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With 2022 just around the corner, Quad Citians’ thoughts might be drifting from holiday celebrations to making changes for the new year. But how do you do at keeping those resolutions?
According to a study by Discover Happy Habits, if you have trouble keeping your New Year’s resolutions, you’re not alone. Here are the statistics:
- Of those who make a New Year’s resolution, after 1 week 75% are still successful in keeping it.
- After two weeks, the number drops to 71%.
- After 1 month, the number drops again to 64%.
- And after 6 months, 46% of people who make a resolution are still successful in keeping it.
- In comparison, of those people who have similar goals but do not set a resolution, only 4% are still successful after 6 months.
- According to a 2016 study, of the 41% of Americans who make New Years resolutions, by the end of the year only 9% feel they are successful in keeping them.
- An earlier study in 2007 showed that 12% of people who set resolutions are successful even though 52% of the participants were confident of success at the beginning.
- In one 2014 study, 35% of participants who failed their New Year’s Resolutions said they had unrealistic goals.
- 33% of participants who failed didn’t keep track of their progress.
- 23% forgot about their resolutions.
- About one in 10 people who failed said they made too many resolutions.
What resolutions will you choose? According to the study:
- In 2020, one of the most popular New Year’s resolution is to eat healthier, chosen by 43% of Americans.
- In 2019, one survey found that more than half of Americans wanted to be healthier: 59% wanted to exercise more, 54% said they would eat healthier and 48% resolved to lose weight.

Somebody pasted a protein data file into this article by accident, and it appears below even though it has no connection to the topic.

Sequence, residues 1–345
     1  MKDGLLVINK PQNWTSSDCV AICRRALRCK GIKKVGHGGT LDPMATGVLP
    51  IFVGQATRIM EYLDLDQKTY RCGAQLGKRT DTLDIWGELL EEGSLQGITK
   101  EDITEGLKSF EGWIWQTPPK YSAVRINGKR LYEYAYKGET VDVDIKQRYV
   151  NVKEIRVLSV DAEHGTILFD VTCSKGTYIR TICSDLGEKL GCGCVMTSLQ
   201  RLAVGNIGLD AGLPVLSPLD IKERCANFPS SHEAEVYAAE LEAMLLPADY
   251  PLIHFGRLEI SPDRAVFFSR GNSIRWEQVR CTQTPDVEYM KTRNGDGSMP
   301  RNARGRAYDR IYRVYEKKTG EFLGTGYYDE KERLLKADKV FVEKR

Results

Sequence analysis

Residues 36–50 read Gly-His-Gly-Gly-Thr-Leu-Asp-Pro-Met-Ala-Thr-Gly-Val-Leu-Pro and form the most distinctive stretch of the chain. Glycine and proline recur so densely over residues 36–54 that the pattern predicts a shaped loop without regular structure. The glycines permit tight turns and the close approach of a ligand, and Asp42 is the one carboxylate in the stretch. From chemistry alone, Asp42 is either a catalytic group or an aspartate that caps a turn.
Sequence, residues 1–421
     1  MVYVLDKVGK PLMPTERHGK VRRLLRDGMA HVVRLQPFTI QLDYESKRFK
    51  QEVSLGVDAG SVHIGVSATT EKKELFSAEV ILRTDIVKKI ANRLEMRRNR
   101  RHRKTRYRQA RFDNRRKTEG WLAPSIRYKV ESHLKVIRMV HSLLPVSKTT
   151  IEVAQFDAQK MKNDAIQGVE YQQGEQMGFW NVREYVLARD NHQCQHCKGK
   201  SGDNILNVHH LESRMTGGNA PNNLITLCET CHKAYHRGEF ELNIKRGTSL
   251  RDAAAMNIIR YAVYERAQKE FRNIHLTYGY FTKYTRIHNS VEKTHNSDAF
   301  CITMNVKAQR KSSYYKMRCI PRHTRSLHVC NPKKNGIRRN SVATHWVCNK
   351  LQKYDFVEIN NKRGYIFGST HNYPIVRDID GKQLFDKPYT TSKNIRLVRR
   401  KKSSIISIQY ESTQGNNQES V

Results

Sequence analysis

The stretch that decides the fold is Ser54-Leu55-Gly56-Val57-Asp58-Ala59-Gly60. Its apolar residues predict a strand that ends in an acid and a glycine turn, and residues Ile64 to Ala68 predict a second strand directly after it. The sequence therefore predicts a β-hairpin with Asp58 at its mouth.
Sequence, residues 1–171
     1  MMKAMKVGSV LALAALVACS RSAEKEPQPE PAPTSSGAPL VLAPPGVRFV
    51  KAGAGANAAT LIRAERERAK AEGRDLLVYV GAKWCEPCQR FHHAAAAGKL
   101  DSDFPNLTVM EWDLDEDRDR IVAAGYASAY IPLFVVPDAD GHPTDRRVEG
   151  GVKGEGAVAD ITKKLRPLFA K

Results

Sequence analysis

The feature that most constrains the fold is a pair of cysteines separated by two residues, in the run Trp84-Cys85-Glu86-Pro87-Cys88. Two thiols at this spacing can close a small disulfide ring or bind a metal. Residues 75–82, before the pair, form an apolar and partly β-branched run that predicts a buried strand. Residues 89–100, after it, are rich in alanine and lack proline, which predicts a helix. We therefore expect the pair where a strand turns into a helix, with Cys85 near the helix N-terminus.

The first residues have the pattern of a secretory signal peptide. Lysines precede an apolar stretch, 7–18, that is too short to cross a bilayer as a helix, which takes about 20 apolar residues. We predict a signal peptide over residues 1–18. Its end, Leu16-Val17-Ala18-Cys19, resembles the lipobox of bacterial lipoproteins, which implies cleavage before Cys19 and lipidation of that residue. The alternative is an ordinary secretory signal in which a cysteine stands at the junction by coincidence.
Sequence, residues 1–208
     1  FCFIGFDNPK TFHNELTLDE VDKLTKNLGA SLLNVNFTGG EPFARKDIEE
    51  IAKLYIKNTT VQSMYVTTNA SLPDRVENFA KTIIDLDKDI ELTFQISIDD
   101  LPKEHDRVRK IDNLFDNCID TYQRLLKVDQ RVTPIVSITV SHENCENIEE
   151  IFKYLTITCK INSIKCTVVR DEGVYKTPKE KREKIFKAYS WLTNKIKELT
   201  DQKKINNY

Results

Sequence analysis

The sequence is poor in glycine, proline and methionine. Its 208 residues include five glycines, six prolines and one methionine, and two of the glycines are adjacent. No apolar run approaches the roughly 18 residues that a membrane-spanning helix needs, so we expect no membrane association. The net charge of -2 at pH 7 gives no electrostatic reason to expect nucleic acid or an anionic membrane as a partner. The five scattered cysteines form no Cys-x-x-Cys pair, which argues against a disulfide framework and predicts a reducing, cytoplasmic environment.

- Losing weight is more important to those who live in the Midwest than any other US region, while exercising is more important for those on the West Coast, compared to the rest of the U.S.
- 31% of survey participants planned on making resolutions for 2021, while 19% were undecided.
- The most popular resolutions for 2021 were exercising more and improving fitness (50% of participants), losing weight (48%), saving money (44%) and improving diet (39%).
- Of those that made a resolution in 2020, 35% kept all their resolutions, 49% kept some of their resolutions, and only 16% failed at keeping any of their resolutions.
By the generations:
- Baby boomers want to lose weight (53%) but place less importance on saving money (39%), compared to the younger generations.
- Gen Z is 4x more concerned with finding love than any other age group.
- Gen Z also wants to dress better and improve their style the most.
- Millennials on the West Coast were the most concerned with getting a work promotion or raise in 2020.
- Millennials are the most confident in keeping all their resolutions (39%).